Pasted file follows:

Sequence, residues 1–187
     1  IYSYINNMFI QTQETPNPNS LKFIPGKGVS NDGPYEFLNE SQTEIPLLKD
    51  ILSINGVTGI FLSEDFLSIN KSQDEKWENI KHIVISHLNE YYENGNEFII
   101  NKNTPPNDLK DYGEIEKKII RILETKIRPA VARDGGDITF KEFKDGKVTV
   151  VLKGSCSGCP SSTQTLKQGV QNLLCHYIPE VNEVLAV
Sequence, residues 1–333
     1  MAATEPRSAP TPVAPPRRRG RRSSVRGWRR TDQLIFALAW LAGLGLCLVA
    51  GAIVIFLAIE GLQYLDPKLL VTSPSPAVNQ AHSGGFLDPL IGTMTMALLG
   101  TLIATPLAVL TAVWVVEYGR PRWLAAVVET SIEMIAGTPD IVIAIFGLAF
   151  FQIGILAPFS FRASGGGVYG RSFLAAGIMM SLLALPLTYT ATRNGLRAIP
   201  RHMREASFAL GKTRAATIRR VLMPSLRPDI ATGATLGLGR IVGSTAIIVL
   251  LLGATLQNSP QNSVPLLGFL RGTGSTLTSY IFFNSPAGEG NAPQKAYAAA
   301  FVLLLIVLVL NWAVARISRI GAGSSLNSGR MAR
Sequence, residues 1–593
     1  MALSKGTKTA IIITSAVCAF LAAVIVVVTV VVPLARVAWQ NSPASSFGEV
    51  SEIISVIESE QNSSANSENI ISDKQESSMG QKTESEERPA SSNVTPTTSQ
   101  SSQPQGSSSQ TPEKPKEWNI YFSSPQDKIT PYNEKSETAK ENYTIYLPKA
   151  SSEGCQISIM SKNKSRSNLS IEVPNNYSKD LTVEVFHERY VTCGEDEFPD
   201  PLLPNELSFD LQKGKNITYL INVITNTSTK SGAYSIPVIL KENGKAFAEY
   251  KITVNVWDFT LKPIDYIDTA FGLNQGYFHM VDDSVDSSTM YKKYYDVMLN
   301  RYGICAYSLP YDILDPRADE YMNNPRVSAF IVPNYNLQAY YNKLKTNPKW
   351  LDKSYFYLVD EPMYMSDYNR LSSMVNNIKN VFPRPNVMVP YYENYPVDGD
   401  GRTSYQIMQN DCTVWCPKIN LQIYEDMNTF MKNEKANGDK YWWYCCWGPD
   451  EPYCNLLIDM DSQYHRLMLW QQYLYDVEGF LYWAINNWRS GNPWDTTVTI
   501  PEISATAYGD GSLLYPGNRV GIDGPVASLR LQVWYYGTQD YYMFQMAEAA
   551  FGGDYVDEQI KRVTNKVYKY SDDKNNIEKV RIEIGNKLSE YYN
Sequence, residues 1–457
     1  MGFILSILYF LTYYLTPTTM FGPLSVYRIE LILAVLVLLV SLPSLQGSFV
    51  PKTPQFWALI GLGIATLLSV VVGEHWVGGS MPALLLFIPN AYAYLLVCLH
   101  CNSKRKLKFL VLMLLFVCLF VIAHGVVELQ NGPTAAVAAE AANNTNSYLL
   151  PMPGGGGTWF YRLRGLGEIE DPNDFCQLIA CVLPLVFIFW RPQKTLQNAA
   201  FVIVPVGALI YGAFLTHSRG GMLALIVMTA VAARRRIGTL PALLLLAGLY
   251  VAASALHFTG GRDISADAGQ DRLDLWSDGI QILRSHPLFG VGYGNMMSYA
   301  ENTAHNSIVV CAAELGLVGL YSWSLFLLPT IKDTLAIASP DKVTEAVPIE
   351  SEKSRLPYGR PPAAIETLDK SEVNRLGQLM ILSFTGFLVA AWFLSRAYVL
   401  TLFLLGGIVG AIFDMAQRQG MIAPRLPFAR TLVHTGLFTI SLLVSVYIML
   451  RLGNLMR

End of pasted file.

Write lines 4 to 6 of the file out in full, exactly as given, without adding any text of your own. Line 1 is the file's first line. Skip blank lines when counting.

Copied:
   101  NKNTPPNDLK DYGEIEKKII RILETKIRPA VARDGGDITF KEFKDGKVTV
   151  VLKGSCSGCP SSTQTLKQGV QNLLCHYIPE VNEVLAV
Sequence, residues 1–333